Recommendations to dramatically change teacher licensure and pay structures in North Carolina will be delivered to the State Board of Education (SBE) next month, said Van Dempsey, chairman of the Professional Educator Preparation and Standards Commission (PEPSC).
Dempsey shared a timeline for making the recommendations with the state board on Thursday during the board’s regular monthly businesses meeting. That meeting followed a two-day Bi-Annual Planning and Work Session, which the board held in Pembroke.
PEPSC will meet Nov. 10 to make final revisions to the “working document” the state board will likely be asked to approve.
“So, that’s where we are now and what I anticipate will happen on Nov. 10,” Dempsey said.
On Wednesday, SBE Attorney Allison Schafer told the state board that state law requires it to adopt or reject PEPSC recommendations. The state board is not allowed to make any “substantive changes” to rules recommendation that it adopts, Schafer said.
Here are additional governing rules Schafer shared:
- If the state board rejects the rules recommendation, it must state with specificity its reasons for the rejection.
- PEPSC may amend that rules recommendation and resubmit it to the state board.
- The state board shall adopt or reject the amended rules recommendation.
- If the state board fails to adopt PEPSC’s original and amended rule recommendations, the state board may develop and adopt its own rules.
Schafer noted that current law includes specific requirements for teacher licensure. The law must be changed before new requirements are adopted, she said.
Many of the current rules are inconsistent with the recommendations that PEPSC is likely to make, Schafer said.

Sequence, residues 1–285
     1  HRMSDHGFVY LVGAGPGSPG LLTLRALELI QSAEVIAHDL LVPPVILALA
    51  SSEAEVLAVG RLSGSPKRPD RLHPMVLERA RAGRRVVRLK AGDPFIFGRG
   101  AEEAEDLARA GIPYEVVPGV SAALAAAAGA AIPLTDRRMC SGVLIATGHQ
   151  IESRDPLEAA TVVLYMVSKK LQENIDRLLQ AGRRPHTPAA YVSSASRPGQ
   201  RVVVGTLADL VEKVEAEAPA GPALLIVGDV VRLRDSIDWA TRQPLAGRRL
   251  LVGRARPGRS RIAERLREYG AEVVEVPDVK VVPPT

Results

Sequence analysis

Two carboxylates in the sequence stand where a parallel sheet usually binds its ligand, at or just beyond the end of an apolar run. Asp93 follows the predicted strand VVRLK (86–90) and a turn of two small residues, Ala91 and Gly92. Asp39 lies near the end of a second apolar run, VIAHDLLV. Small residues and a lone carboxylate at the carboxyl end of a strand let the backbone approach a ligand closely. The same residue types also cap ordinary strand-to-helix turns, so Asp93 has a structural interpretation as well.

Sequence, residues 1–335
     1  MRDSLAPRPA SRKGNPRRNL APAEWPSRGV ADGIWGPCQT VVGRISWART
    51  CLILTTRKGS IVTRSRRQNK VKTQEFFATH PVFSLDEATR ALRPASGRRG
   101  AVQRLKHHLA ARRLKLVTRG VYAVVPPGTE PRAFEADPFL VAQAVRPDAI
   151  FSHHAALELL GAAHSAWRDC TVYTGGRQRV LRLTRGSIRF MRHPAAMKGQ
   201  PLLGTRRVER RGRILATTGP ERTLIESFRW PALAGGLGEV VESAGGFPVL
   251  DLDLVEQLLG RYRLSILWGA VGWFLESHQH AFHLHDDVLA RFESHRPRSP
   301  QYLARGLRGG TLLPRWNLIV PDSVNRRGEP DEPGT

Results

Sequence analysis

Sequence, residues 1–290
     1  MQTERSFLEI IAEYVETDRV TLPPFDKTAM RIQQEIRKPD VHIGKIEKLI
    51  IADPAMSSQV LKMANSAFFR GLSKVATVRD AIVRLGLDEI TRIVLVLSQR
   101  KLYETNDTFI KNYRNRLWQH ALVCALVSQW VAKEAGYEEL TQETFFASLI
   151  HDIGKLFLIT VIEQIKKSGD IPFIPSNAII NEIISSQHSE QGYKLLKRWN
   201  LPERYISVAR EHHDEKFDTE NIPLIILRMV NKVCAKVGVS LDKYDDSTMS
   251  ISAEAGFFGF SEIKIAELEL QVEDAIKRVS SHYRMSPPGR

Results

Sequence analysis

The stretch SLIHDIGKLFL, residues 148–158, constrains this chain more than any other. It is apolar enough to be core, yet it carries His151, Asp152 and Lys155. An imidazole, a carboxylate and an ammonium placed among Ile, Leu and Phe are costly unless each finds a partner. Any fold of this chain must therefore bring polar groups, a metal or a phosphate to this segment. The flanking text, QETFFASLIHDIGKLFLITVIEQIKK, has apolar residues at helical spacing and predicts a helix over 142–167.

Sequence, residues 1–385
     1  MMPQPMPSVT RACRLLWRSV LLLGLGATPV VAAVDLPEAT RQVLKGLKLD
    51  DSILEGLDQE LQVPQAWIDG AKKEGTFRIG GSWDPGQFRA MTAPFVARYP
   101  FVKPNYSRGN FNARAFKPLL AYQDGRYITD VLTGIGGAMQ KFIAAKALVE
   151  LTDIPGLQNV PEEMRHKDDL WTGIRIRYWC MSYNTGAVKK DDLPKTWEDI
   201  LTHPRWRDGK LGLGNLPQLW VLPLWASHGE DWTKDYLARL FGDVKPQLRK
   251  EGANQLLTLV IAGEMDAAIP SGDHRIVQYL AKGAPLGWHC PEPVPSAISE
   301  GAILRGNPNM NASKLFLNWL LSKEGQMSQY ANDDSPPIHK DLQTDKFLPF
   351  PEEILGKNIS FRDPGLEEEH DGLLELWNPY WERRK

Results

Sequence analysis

“We can only adopt rules that are allowed to us in statute, so we need the change the statute first,” Schafer said. “So, the next step in developing a new licensure system would be for PEPSC to recommend and the state board to approve a request for changes to allow it to develop such a system or plan.”
The General Assembly will return to Raleigh in January and State Superintendent Catherine Truitt has encouraged the state board to take action soon to provide lawmakers with information and recommendations to move the process forward.
As Policy Watch previously reported, the proposed licensure and pay model be considered would create a system of entry-level certifications to bring more people into the profession. One certification would serve essentially as a learner’s permit. It would allow aspiring educators with associate’s degrees to teach for two years while they earn a bachelor’s degree. Teachers working under that license would receive a base salary of $30,000.
Veteran teachers in leadership roles could earn an advanced teacher license. A National Board Certified Teacher working under that license with a master’s degree and more than 25 years of experience could earn more than $80,000 a year.
North Carolina’s teachers are currently paid based on years of experience. Veteran teachers would be held harmless if they lost pay under the proposal.
Teachers have complained that the proposal is an unwanted move to a system of merit pay that places too much emphasis on students’ standardized test scores. They argue that a better strategy to recruit and retain teachers — a stated goal of the new proposal — is to pay them a fair wage.
Truitt has said the feedback that she’s received about the proposal is mostly grounded in “misinterpretation or misstatements” of fact. She contends the proposal is not a merit pay model.